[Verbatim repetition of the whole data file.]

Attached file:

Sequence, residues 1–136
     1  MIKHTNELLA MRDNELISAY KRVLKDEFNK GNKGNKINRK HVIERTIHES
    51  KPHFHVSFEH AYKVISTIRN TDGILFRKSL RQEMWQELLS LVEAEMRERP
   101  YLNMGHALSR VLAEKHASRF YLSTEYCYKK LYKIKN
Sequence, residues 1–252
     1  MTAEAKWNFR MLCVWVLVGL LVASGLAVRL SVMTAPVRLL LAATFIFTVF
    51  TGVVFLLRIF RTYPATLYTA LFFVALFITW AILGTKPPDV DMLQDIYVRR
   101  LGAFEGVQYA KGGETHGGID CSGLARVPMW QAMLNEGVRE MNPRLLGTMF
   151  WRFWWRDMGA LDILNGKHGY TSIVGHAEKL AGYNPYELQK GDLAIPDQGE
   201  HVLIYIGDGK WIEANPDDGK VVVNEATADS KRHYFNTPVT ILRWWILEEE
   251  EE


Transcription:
Sequence, residues 1–136
     1  MIKHTNELLA MRDNELISAY KRVLKDEFNK GNKGNKINRK HVIERTIHES
    51  KPHFHVSFEH AYKVISTIRN TDGILFRKSL RQEMWQELLS LVEAEMRERP
   101  YLNMGHALSR VLAEKHASRF YLSTEYCYKK LYKIKN
Sequence, residues 1–252
     1  MTAEAKWNFR MLCVWVLVGL LVASGLAVRL SVMTAPVRLL LAATFIFTVF
    51  TGVVFLLRIF RTYPATLYTA LFFVALFITW AILGTKPPDV DMLQDIYVRR
   101  LGAFEGVQYA KGGETHGGID CSGLARVPMW QAMLNEGVRE MNPRLLGTMF
   151  WRFWWRDMGA LDILNGKHGY TSIVGHAEKL AGYNPYELQK GDLAIPDQGE
   201  HVLIYIGDGK WIEANPDDGK VVVNEATADS KRHYFNTPVT ILRWWILEEE
   251  EE